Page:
6. Mimics. Mutants that have different loci and are indistinguishable phenotypically from each other are known as mimics. Members of a single mimic series are preferably designated by different names and symbols (e.g. u for uniform, ug for uniform gray-green). If a numbered series is used, the same name and base symbol are followed by a hyphen and a distinguishing number on the same type level. For the first member of such a mimic series the "1" shall be understood but not used (e.g. ms, ms-2, etc.).
7. Translocations are designated by the symbol "T". The chromosomes involved are designated by their respective numbers. To distinguish between translocations involving the same chromosomes, lowercase letters are used following the chromosome numbers, thus T (1-2)a, T (1-2)b, etc.
8. Inversions are designated by the symbol "In" while the chromosome in which the inversion occurs is indicated by its respective number. Lowercase letters are used to distinguish different inversions on the same chromosome, thus, In (1)a, In (1)b, etc.
9. Deficiencies are designated by the symbol "Df" are distinguished in the same manner as inversions (rule 8).
10. Aneuploids. Monosomics and primary trisomics are designated according to the missing or extra chromosome; thus "triplo-1" refers to the primary trisomic of chromosome 1 and "haplo-12" refers to the monosomic for chromosome 12.
For aneuploids possessing whole arm interchanges, the chromosomes are symbolized according to their component arms, a connective dot representing the centromere; thus "1S[.]12L" specifies an interchange between the short arm of chromosome 1 and the long arm of chromosome 12. According to this system 2n + 10L[.]10L would be an example of a secondary trisomic, 2n + 5S[.]7L an example of a tertiary trisomic, 2n + 8L an example of telotrisomic, and 2n - 3S[.]3L + 3S[.]3S + 3L[.]3L an example of a compensating trisomic in which a normal chromosome is compensated by isochromosomes of its short arm and long arm.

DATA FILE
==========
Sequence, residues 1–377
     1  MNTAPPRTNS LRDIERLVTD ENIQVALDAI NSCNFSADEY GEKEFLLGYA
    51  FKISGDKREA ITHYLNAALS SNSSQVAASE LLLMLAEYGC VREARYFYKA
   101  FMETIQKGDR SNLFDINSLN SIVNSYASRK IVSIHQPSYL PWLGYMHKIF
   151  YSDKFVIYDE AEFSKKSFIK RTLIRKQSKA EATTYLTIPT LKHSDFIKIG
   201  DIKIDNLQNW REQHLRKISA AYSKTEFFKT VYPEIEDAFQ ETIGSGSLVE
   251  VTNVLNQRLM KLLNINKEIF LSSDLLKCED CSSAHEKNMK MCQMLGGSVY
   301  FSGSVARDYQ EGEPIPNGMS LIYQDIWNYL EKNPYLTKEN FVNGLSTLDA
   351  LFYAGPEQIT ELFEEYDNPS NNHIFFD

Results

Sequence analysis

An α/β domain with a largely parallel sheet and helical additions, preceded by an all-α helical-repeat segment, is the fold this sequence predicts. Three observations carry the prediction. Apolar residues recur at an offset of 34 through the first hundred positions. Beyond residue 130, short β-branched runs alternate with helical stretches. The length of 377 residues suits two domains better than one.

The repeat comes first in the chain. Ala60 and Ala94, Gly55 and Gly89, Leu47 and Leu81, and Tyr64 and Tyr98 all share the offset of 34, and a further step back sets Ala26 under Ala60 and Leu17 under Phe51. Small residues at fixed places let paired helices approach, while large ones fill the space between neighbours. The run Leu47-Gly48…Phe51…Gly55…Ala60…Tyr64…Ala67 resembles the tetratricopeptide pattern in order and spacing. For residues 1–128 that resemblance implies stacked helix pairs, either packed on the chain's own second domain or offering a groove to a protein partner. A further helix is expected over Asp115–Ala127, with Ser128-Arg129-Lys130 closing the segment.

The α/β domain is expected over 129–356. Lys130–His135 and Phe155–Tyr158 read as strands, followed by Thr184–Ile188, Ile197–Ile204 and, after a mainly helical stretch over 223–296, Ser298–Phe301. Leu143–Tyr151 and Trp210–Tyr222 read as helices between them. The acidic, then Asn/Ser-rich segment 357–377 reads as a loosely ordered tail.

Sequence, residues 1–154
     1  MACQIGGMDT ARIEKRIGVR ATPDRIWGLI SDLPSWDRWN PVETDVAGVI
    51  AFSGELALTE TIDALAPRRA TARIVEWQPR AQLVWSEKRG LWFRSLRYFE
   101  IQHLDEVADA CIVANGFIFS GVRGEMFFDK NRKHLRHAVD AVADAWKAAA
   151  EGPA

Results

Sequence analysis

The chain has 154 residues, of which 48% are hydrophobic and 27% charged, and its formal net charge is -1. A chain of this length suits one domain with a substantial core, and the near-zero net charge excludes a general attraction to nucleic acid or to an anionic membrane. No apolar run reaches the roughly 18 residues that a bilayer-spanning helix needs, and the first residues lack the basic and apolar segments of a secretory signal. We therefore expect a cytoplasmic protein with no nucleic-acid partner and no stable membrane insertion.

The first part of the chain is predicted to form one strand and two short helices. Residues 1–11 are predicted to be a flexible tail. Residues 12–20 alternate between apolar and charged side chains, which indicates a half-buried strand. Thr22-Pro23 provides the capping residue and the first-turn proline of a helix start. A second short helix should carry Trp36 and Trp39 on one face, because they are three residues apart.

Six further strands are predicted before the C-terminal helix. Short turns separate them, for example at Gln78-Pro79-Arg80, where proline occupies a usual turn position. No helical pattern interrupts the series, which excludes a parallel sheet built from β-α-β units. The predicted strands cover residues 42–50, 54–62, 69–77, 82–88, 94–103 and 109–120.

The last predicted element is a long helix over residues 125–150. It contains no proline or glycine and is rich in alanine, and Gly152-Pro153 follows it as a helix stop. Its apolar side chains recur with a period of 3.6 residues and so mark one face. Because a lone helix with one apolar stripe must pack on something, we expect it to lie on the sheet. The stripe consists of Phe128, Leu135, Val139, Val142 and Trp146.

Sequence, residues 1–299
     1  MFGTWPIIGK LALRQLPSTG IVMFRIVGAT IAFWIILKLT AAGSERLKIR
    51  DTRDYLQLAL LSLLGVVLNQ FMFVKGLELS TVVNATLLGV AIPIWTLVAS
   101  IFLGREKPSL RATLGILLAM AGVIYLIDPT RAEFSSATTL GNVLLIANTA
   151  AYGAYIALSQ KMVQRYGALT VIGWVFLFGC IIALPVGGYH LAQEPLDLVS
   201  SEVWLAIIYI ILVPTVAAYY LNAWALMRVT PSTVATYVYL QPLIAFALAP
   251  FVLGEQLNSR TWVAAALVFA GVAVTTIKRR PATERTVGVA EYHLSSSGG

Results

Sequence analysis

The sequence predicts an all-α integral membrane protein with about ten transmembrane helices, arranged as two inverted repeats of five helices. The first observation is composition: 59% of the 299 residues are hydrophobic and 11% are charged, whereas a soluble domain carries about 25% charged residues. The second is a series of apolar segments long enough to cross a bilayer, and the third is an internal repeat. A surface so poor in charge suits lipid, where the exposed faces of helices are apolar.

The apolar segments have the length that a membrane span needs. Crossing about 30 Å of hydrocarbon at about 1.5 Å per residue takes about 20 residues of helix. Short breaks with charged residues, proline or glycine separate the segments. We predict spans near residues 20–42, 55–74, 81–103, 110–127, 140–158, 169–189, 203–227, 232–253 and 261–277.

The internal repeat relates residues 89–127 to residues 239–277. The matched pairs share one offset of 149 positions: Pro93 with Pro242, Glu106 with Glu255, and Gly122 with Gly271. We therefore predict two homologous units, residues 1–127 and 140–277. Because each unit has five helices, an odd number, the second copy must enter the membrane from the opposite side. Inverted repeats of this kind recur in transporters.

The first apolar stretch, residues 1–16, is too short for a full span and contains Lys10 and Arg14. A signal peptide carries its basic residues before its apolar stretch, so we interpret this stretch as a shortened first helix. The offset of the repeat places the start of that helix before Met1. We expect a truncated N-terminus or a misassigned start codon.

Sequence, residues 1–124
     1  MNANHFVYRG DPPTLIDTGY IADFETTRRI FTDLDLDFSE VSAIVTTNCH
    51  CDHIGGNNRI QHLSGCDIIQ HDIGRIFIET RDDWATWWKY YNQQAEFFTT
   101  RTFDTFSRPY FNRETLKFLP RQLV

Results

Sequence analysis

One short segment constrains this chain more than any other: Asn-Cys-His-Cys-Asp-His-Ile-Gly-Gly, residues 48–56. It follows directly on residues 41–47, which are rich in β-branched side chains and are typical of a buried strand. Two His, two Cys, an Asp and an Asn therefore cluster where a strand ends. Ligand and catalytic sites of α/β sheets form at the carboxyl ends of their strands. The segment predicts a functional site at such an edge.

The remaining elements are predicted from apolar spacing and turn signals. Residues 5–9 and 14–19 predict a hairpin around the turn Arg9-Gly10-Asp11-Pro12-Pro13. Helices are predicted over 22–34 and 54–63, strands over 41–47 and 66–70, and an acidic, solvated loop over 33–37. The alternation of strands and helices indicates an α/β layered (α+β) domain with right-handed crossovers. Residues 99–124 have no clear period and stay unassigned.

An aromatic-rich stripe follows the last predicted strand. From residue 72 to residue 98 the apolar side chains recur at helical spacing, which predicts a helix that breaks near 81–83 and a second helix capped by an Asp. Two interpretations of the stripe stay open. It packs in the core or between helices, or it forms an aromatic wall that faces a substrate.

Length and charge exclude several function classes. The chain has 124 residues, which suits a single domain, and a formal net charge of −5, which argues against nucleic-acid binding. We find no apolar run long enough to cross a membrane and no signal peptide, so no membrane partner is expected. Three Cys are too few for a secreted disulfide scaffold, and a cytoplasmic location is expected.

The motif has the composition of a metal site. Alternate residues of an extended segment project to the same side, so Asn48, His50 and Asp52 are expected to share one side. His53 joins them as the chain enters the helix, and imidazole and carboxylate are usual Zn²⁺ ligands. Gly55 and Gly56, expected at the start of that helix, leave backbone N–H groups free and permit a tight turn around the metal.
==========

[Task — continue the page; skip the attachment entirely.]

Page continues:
11. In order to distinguish between gene symbols and symbols of the chromosome aberrations, the former are italicized.
12. Since chromosomes of all investigated species of Lycopersicon appear to be almost completely homologous, it is suggested that the same symbolization apply to the entire genus. It is also proposed that the complete gene symbols not be duplicated among the species unless the genes in question are known to be identical, and that the key letters of the symbols not be duplicated unless the genes are alleles or mimics. Species alleles can be designated by a superscript to indicated the species, for example ah for a hypothetical allele in L. hirsutum.
12. Much confusion will be avoided by clearing names and symbols with the Chairman of either the Gene List Committee or Coordinating Committee of the Tomato Genetics Cooperative at the earliest opportunity. Such action will settle matters of priority and assist the investigator by assigning a reasonably permanent symbol to his mutant. Permanence cannot be guaranteed, however, because unknown earlier or simultaneous publication might establish priority.
14. Modifiers. Modifiers (mo or Mo) of specific genes shall be symbolized by the appropriate symbol followed by the symbol of the gene modified enclosed in parenthesis. Subsequent nonallelic modifiers shall be denoted by adding a number suffix to the combined symbol. For example, the two dominant modifiers of I are Mo(I) and Mo(I)2. When the action of the modifying gene is known to be suppression, it is preferable to use a suppressor symbol (Sup); likewise an enhancer symbol (Enh) for genes of enhancing action; in either case the gene whose expression is modified shall be symbolized in parentheses as specified for modifiers, thus, Enh(I), Sup(I)2.
Barton, D.W. 1950. Pachytene morphology of the tomato chromosome complement. Amer. J. Bot. 37:639-643.
Barton, D.W., L. Butler, J.A. Jenkins, C.M. Rick, and P.A. Young. 1955. Rules for nomenclature in tomato genetics. J. Hered. 46:22-26.
Clayberg, C.D., L. Butler, C.M. Rick, and P.A. Young. 1960. Second list of known genes in the tomato. J. Hered. 51:167-174.
Clayberg, C., L. Butler, E.A. Kerr, C.M. Rick, and R.W. Robinson. 1966. Third list of known genes in the tomato. J. Hered. 57:189-196.